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The American 1950s

ENGL 285.401
instructor(s):
TR 1:30-3

This course presents a literary history of the first decade of Cold War, 1947-1957, with an emphasis of what is best called American anticommunist culture.  Major readings are likely to include works by Arthur Miller, John Cheever, Mary McCarthy, Ralph Ellison, Lillian Hellman, Saul Bellow, Jack Kerouac, and Allen Ginsberg, and selections from the writings of Betty Friedan, Lionel Trilling, Daniel Bell, William Whyte, C. Wright Mills, Elder Olson, Cleanth Brooks, James Wechsler, and Howard Fast.  Beginning with a close look at the 1949 Supreme Court ruling that subversive language not protected by the First Amendment may be determined by interpreting the "intent and content" of the text in question, and the House Un-American Activities Committee's "narrow reading" of political poetry, we will read, for instance, the transcript of hearings with the friendly witness Professor A. Possony (then teaching at Penn) whose testimony HUAC gave the title "Language as a Communist Weapon."  Using photocopied excerpts from critical journals of the period along with our readings of the major figures, we will also try to understand these issues: the politics of cold war sci fi; the fifties' willful (mis-)reading of Freud as anticommunist; the equation of feminism and communism; the relations between writers and the state; the "juvenile delinquency" myth; and radical readings suggesting the American New Criticism as having been derived by the fifties to endorse the end of ideology.  We will view films of the period, as needed, to support our inquiries, probably Twelve Angry Men, The Caine Mutiny, and Rebel without a Cause, and Executive Suite.  The books will be available at House of Our Own Bookstore well before the semester begins.  Pre-registered students should get in touch with Al Filreis at afilreis@english.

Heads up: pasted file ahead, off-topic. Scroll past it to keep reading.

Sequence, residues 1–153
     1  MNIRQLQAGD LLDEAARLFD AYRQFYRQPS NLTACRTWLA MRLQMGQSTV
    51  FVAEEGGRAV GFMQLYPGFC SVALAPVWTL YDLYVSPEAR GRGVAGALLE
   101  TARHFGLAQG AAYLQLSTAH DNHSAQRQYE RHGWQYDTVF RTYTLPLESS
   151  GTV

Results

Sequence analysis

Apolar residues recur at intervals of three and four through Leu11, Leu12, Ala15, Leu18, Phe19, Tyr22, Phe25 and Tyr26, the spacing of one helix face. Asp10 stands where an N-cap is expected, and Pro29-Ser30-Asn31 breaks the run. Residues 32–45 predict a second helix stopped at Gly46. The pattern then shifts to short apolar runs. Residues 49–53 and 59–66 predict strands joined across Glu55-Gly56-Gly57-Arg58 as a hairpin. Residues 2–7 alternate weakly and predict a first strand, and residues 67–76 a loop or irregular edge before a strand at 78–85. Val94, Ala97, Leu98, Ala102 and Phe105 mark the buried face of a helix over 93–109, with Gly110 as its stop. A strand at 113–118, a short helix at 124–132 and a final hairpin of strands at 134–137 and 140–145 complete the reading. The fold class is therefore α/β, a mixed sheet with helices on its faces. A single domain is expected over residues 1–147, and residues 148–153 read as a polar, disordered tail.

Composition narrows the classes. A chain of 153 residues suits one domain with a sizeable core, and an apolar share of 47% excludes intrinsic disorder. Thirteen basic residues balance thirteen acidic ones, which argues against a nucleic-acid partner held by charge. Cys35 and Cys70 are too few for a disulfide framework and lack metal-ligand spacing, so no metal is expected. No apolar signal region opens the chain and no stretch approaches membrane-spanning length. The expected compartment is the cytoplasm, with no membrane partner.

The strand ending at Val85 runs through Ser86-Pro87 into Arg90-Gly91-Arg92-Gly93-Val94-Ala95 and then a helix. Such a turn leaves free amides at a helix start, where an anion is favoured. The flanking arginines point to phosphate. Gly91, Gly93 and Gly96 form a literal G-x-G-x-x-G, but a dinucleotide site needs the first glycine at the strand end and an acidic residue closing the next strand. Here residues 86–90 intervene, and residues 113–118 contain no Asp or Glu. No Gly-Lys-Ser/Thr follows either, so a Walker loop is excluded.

You should also begin reading on-line materials for the course: in the English Gopher (under #8 on he main menu, then find English 285--hit space bar if necessary), or, better, the English 285 world wide web page: "http://www.english.upenn.edu/~afilreis/50s/home.html".